I have an outbound web-browsing rule, rule criteria is source zone (trust) destination zone (untrust) , application (web-browsing, ssl), service (tcp-80, tcp-443)
If you are going to create more application specific rules, does it makes more sense to put those rules AFTER the outbound web-browsing rule. For instance, say you're going to create a 4 additional rules, 1 for dropbox, 1 for facebook/twitter, 1 for youtube, and another for ms-update. Would it be a best/common practice to put these 4 rules after the outbound web-browsing rule?
To me it makes sense, since a lot of these applications have dependancy on web-browsing/ssl, but wanted to ask anyway.
Solved! Go to Solution.
It doesn't matter. When the application shifts away from web-browsing to, say dropbox-base, the entire rulebase gets re-analysed and the location of the policy allowing dropbox-base won't matter as long as it is above any deny policy that would match the traffic.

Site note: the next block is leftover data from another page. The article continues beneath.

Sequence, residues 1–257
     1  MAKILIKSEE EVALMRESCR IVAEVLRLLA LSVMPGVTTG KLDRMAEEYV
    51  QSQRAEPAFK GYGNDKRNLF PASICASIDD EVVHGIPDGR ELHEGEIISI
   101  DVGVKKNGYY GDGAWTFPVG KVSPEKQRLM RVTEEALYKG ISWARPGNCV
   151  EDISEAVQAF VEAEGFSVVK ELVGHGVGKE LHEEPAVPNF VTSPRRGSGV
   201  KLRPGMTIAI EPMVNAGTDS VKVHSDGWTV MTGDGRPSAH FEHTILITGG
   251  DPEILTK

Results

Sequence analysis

Thanks for the reply. Yes agreed, it does not matter, but I was more curious as to what the best practice is from a processing standpoint
Very good point on all the rules getting re-evaluated. Is it safe to say, the most hit rules are better to be towards the top of the rulebase then, or due to firewall performance specs, it doesn't really matter?
Due to firewall processing specs it really doesn't matter if the rules are located towards the top or towards the bottom. The amount of time that it takes for a firewall with thousands of security policies to match the very first entry in the security rulebase versus the very last is not measurable without the use of full debug logging, and even then it's a negligable amount. Essentially PAN has accounted for any latency due to actually processing the policies by enforcing platform policy limits.
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